How many times do parents and teachers tell a child to “sit properly and pay attention”? Almost everyday! Fidgeting, rocking back and forth, restlessness and slumping are commonly seen in the classroom. Consequently, children who can’t sit still are often deemed as “misbehaved, naughty and distractible”. The thing is, the child is probably not making a conscious decision to move – it is likely that they just can’t sit still because of poor vestibular processing.
We often hear about the 5 main senses – sight, sound, smell, taste and touch. We jokingly say that someone has a 6th sense. But it turns out we ALL have the 6th sense which is called the vestibular system. Vestibular receptors are located in our inner ear and are activated by the fluid in the ear canals as you move. It is basically our inner compass that tells the body what direction it is moving, how fast, if we are tipping over and how much the muscles need to be active to support the amount of movement. This sense also tells the muscles what to do in order to hold us still and upright.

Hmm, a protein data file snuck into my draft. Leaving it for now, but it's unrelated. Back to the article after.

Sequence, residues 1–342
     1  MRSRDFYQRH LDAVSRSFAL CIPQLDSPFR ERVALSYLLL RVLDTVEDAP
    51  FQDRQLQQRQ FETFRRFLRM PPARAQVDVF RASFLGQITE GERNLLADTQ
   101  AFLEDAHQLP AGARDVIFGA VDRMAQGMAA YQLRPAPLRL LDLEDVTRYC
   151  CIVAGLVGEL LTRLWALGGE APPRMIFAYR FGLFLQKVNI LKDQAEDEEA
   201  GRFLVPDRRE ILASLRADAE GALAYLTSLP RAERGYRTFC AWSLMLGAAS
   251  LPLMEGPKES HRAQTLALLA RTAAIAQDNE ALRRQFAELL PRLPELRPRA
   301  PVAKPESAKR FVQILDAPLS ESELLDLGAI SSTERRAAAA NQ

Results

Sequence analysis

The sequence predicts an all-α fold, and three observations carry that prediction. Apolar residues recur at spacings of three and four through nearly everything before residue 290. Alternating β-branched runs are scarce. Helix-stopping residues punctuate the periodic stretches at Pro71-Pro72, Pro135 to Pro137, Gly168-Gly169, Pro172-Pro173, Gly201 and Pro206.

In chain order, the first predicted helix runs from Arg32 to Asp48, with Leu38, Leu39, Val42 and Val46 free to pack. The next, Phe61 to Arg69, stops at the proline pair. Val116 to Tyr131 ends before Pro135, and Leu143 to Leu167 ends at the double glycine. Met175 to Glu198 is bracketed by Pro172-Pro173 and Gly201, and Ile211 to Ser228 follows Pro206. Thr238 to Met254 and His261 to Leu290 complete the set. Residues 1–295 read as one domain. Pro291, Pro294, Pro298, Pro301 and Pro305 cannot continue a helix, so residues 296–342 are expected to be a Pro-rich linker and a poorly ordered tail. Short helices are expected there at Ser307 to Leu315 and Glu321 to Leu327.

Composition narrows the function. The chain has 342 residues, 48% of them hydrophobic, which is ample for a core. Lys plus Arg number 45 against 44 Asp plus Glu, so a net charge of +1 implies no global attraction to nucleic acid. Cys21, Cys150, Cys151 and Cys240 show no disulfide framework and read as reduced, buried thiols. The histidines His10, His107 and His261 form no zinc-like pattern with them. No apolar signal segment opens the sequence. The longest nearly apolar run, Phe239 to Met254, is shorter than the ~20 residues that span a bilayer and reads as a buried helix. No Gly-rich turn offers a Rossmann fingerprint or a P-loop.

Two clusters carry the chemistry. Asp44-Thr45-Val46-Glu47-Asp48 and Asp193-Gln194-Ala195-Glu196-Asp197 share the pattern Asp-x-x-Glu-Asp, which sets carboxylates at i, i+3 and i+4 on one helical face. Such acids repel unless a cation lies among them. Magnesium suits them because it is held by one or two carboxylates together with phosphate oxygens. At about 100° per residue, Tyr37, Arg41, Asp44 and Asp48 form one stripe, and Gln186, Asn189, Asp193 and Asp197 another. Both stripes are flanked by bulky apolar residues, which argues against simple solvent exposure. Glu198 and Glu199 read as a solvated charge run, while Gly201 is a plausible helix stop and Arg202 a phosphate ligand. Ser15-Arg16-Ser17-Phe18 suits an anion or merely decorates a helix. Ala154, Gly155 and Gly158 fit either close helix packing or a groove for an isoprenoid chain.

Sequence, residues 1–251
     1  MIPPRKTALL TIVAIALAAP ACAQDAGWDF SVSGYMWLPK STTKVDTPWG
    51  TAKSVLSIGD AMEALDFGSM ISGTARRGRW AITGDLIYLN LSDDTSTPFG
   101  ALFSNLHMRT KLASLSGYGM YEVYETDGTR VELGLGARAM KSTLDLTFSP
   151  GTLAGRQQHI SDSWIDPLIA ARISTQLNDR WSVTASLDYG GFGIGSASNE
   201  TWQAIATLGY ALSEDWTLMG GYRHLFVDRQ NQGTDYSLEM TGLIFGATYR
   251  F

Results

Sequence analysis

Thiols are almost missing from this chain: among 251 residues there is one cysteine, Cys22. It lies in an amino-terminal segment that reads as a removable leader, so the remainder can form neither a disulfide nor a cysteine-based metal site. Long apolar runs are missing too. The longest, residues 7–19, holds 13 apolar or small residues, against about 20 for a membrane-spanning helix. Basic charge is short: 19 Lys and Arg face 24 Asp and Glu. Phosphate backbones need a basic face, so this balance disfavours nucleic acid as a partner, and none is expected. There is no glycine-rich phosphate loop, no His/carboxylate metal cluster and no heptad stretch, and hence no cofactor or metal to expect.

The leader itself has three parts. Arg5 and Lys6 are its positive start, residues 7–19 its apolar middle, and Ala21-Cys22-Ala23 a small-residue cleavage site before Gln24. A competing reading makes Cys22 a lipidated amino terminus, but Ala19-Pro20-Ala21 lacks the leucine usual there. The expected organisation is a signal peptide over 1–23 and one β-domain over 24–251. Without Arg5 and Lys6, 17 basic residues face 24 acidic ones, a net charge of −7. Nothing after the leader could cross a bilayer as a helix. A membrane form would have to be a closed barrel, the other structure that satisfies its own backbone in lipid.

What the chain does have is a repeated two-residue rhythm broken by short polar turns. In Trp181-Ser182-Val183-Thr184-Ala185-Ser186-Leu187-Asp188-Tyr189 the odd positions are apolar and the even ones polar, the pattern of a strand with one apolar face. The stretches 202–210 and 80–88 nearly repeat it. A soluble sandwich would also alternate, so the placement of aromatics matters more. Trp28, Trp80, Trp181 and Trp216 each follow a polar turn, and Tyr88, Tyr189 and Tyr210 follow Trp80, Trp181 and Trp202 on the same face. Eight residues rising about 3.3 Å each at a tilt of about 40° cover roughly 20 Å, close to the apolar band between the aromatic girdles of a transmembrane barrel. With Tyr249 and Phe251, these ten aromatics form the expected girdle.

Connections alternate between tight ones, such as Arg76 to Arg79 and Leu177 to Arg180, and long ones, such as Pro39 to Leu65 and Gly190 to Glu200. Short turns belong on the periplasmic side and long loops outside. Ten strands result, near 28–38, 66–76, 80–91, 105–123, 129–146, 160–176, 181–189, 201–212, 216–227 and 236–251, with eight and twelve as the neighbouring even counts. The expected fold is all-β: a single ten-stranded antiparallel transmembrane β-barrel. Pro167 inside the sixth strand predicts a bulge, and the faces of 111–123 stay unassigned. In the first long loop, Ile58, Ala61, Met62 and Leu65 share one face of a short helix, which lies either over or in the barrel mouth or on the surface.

So, when the vestibular system is under-developed, children could have trouble maintaining that upright posture on a chair to attend the tabletop activities and could show the so called “problem behaviour” we talked about above.
So how do we help our children build a stronger vestibular system?
These following activities can help develop the vestibular receptors and the inner ear fluid, which strengthens the connection between the ear and the brain for a better sense of balance i.e. vestibular system.
· Playing on swings, slides and see-saws in the playground
· Jumping on a trampoline
Give them a try especially in the morning before school! It could help the child have a more activated vestibular system which in turn helps with attention and focus in the classroom.
Author: Kaylee Cho